A fresh and very interesting Q & A discussion of climate change in relationship to indigenous worldviews. Via Science Magazine:
The Arctic has become the frontline for observing the effects of anthropogenic climate change, from rising ocean temperatures to shrinking sea ice cover. These changes have greatly impacted the traditional practices of indigenous Arctic communities, which rely on sea ice for hunting and travel. In recent years, climate scientists have sought the multigenerational and intimate knowledge that indigenous people have of their environment. How can scientists use this knowledge to improve climate projections and models while respecting indigenous culture?
Igor Krupnik, an anthropologist with the Smithsonian Institution, has studied the indigenous communities of Alaska and northern Russia for 40 years. Yesterday, he gave a talk at the meeting of the American Association for the Advancement of Science (which publishes ScienceNOW) on environmental observations that indigenous experts recorded from 2000 to 2010. I sat down to chat with him about what scientists could learn from indigenous perspectives of climate change.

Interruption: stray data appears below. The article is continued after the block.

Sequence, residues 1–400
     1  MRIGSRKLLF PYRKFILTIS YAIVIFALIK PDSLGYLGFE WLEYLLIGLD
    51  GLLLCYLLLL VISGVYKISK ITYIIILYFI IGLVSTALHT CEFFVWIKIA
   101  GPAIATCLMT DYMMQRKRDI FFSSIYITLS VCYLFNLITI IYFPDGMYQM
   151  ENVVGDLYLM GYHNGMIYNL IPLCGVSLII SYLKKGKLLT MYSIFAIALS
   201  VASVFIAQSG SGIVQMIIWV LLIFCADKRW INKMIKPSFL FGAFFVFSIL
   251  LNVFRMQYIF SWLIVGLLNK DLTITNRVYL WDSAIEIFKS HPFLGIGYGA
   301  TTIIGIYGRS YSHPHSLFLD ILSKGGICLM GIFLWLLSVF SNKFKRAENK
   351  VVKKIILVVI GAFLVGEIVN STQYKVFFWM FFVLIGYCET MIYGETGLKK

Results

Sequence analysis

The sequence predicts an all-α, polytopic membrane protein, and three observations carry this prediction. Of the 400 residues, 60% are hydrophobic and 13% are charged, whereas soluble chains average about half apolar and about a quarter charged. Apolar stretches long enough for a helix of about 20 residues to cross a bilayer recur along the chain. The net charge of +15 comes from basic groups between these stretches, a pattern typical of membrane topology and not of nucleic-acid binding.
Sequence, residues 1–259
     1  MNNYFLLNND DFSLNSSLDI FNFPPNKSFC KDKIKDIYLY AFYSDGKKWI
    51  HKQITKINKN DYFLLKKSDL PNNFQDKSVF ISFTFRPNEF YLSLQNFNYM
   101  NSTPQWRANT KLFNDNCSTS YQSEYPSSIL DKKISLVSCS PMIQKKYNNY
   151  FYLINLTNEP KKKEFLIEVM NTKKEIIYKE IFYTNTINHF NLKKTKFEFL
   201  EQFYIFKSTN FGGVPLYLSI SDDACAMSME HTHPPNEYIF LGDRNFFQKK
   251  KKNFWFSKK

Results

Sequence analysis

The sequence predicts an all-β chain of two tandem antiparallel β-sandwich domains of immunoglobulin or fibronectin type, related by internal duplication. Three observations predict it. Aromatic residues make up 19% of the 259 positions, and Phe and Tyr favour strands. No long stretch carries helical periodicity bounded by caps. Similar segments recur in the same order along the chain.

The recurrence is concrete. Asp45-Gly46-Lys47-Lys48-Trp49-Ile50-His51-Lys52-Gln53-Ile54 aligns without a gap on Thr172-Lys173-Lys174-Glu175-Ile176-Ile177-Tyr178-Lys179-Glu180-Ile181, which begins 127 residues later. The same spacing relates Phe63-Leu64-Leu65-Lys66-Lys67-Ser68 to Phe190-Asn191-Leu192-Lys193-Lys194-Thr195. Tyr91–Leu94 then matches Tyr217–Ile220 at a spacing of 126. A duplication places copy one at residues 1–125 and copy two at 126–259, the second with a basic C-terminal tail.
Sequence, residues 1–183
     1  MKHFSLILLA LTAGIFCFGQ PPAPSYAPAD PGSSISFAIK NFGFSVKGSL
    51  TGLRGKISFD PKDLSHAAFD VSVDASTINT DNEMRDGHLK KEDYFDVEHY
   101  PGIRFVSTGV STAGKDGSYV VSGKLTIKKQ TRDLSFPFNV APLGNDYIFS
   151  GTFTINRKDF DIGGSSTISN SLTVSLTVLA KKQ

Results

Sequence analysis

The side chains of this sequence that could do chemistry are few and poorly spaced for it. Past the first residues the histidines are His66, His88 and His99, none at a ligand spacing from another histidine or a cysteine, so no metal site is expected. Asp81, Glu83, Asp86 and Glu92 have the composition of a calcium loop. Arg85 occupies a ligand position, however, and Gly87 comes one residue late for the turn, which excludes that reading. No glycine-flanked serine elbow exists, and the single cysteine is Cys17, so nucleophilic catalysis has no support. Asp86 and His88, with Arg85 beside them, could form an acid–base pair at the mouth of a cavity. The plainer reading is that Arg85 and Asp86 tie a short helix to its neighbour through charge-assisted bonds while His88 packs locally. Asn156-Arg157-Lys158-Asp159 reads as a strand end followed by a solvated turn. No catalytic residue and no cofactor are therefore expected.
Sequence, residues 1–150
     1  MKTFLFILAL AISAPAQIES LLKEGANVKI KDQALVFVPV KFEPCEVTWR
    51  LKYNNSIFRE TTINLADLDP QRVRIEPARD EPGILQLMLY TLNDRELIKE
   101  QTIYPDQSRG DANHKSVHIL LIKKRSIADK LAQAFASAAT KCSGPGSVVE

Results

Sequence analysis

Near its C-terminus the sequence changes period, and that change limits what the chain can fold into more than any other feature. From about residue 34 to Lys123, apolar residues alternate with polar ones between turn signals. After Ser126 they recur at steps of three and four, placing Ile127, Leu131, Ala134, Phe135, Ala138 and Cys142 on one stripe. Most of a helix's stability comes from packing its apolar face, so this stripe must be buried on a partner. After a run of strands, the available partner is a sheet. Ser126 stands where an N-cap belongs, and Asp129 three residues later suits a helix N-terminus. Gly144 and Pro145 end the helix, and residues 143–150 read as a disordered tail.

Q: How long have Arctic communities perceived climate change as a threat?
I.K.: First, it hasn’t been perceived as a threat. That’s very much today’s Western perspective. People are concerned with what is happening, but I haven’t heard them speaking about their environment as being “under threat.” [They describe it as] “a friend acting strangely.” It’s a friend that behaves a little bit weird, but doesn’t cease to be a friend because it’s your home.
Q: When did the period of acting strangely start?
I.K.: We started documenting it from indigenous people in the late 1990s, which doesn’t mean it started then, it’s just when we started looking for it and listening to them …
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